• Wharves


    This important site was the family home and business address of the Castles for about 98 years (1843-1941). During the years until 1860 Henry Castle built up the business at Baltic Wharf as a barge builder and shipbreaker. There was a large and commodious house on the site and many members of the family were born and died there.

    The site was located on the north side of the River Thames next to Vauxhall Bridge and close to the Tate Gallery. From postal records the address was more often identified as 160 Upper Grosvenor Road, apparently being a continuation of the road numbers from the other side of Vauxhall Bridge.

    Today the site has a multi-storey office block built upon it. The remaining area is an open public space with pleasant grassed areas and displaying a sculpture by Henry Moore.  In 1843 it was not such a salubrious place with the penitentiary on the other side of the road.  The wharf was equipped to break up sizeable vessels but access under the bridges downstream made it impracticable to break up the larger ships after 1861, when the yard at Charlton was increasingly used.

    Undoubtedly barge building continued at Baltic Wharf as did the breaking of smaller vessels, however by the 1870s the site was better known as a timber yard. The entrances to the Yard were adorned by the figureheads taken from many of the famous ships broken up by Castles and the Castles/Beech partnership.  There was also a museum on the site, where many ships' artefacts were available to view. Articles about the site appeared in numerous publications and magazines as well as in postcards.

    Undoubtedly the Castles site was a significant landmark on this part of the Thames in the late nineteenth and early twentieth centuries. However in 1913 the Yard was sold to Holloway Bros. except for the Head Office building, which continued in existence until destruction by bombing in 1941.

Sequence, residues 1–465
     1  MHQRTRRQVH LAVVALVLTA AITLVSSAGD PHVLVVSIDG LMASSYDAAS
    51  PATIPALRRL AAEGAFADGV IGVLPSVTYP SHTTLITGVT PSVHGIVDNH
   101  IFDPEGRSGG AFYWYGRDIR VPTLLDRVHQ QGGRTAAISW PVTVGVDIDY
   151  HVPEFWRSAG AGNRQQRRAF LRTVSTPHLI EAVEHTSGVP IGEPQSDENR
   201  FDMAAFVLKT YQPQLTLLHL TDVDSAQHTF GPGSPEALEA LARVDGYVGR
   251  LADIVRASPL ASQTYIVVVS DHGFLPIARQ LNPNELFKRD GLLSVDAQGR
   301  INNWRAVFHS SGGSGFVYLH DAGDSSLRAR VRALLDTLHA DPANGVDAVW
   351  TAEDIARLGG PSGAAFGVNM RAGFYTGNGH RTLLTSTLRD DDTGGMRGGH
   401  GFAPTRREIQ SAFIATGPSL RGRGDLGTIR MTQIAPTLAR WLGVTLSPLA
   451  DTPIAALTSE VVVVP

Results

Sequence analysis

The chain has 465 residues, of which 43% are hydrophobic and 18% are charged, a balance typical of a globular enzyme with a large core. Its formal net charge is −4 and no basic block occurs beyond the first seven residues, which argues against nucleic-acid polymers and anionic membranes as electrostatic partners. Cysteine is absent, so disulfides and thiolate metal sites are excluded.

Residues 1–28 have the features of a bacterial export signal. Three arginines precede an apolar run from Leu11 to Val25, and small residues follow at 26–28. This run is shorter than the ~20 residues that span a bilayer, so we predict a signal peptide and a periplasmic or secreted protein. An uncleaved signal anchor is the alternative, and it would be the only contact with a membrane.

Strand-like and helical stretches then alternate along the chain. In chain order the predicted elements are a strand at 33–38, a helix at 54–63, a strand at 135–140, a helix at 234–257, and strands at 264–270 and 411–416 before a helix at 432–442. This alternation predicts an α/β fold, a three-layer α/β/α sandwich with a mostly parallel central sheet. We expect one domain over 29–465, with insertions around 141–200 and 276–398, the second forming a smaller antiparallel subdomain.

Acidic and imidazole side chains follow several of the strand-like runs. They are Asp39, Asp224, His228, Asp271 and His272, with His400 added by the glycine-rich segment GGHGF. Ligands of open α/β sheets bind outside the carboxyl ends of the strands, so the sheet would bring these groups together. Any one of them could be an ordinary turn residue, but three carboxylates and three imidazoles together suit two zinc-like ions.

In 1872 Sidney Nash negotiated a lease of the wharf adjacent to the Dockyard site. At this location, until 1938, much of the shipbreaking and furniture manufacturing was undertaken.  Reminiscences by the family of Mr Fred Perry, the Manager of the Yard from 1885 until 1904, give an interesting insight into the way of life and of the activities carried out there and are well documented in an article by Philip Banbury ‘Shipbreaking at Woolwich’.   

    The site is reputed to have had half an acre of land devoted to timber storage and to the furniture manufacturing. The stock of timber was known to be one of the largest on the Thames during the late 1800s.  Long’s Wharf was reached by walking down Trinity Road (later re-named Warspite Road) to Harrington Way.  HMS Warspite the boys’ training ship was located nearby and the anchor from the Warspite was displayed in the Yard at Long’s Wharf from 1901.